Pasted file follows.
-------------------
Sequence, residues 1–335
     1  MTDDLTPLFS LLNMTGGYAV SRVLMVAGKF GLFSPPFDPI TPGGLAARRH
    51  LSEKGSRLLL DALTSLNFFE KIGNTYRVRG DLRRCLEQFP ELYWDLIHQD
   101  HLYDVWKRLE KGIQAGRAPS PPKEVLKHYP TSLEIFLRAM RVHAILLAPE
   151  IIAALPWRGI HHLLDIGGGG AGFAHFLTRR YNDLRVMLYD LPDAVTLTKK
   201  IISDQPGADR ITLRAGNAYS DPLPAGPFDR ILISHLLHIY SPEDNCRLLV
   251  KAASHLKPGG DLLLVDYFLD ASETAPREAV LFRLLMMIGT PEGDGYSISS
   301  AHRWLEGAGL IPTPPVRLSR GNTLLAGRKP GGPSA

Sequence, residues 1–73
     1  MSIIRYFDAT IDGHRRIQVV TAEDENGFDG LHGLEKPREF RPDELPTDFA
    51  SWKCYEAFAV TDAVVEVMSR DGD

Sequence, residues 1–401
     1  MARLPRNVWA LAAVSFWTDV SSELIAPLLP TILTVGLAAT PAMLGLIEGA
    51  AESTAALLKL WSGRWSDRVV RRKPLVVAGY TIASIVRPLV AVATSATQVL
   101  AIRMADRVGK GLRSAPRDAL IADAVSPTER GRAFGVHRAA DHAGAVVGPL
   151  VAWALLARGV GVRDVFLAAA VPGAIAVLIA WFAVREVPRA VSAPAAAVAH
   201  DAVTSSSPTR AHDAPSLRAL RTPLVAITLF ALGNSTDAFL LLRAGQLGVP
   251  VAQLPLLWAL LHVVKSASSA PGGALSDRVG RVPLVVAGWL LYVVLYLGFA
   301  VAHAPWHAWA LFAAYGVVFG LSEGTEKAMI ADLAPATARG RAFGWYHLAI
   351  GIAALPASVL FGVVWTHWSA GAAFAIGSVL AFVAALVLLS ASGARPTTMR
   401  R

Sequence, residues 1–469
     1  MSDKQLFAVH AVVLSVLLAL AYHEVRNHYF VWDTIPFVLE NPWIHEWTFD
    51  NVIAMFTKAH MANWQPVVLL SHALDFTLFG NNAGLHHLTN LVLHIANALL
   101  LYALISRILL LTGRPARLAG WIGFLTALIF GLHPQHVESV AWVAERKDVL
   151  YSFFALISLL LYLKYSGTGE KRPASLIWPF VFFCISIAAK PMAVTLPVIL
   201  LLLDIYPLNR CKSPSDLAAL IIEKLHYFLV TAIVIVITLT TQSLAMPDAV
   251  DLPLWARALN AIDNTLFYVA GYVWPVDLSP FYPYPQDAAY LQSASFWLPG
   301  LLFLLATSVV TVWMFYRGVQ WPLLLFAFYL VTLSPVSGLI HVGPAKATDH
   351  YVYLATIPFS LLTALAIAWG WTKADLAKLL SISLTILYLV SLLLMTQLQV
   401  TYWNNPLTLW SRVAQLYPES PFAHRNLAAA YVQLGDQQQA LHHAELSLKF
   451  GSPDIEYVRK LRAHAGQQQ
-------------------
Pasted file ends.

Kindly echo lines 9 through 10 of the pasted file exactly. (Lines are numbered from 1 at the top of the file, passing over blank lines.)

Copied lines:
Sequence, residues 1–73
     1  MSIIRYFDAT IDGHRRIQVV TAEDENGFDG LHGLEKPREF RPDELPTDFA